Colombia’s Caño-Limón oil pipeline was bombed by presumed FARC guerillas Jan. 20—with pumping still halted following a similar attack one week ago, the national oil company Ecopetrol said. The new rupture, at Convención in Norte de Santander department near the Venezuelan border, has local communities worried about an oil slick that is advancing on the Río Catatumbo. Authorities are racing to contain the oil before it contaminates the river. Two days earlier, a blast ruptured the smaller Zulia-Ayacucho pipeline through the region, also threatening the Catatumbo. The attacks come amid a new FARC offensive in Norte de Santander, which included a car bomb attack in Tibu that killed three civilians.
The Caño-Limón pipeline—which can pump 220,000 barrels a day of crude but which over the past year has averaged closer to 80,000 barrels a day—links Occidental Petroleum’s oilfields of that name with the Caribbean coast. Jointly run by Oxy and Ecopetrol, it is a frequent target of guerilla attack. (Dow Jones, RCN Radio, Notimex, Jan. 20; RCN Radio, EFE, Jan. 18)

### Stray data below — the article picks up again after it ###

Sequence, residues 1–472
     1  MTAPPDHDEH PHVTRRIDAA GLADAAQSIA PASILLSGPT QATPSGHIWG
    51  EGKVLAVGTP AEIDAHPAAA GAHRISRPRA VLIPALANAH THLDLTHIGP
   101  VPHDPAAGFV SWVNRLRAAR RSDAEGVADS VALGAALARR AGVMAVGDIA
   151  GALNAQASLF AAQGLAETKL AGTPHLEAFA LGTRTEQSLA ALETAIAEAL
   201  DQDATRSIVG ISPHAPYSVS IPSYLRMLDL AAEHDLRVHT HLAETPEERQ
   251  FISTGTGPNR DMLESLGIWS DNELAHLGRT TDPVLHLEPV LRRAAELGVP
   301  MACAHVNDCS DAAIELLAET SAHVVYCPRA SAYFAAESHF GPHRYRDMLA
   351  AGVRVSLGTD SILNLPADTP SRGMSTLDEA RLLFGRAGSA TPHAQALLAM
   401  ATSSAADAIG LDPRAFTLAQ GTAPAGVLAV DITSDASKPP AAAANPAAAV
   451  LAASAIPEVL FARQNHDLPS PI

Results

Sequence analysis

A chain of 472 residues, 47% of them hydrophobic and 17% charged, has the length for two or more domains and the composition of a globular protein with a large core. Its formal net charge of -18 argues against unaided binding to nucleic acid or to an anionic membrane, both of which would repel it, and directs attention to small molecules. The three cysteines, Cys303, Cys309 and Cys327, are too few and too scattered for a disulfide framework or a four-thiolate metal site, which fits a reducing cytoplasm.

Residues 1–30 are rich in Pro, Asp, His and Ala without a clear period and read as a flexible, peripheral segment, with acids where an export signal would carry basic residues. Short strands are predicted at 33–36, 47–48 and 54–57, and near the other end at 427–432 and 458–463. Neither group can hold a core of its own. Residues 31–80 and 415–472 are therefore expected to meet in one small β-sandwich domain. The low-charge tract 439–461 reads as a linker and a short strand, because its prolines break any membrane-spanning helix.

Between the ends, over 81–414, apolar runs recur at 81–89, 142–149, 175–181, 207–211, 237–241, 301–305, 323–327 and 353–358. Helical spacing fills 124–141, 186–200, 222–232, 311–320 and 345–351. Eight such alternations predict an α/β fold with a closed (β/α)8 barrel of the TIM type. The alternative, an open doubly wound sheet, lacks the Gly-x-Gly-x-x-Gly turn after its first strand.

Oil workers meanwhile continue to come under attack from presumed right-wing paramilitary forces. On Jan. 17, an oil union leader and his wife were killed in front of their children in southern Putamayo department. Mauricio Arrendondo and his wife Janeth Ordoñez Carlosama were assassinated during the night by two hitmen at their home in the town of Puerto Asis, according to a statement by the USO trade union federation. Arrendondo worked for petroleum service company PEI Energy. On Jan. 13, he had taken part in a regional forum on the impact of the petroleum industry in Putamayo. USO issued a statement accusing Ecopetrol and the Colombian state of complicity in the double murder for not heeding numerous death threats against oil workers in the region. (Colombia Reports, Jan. 19)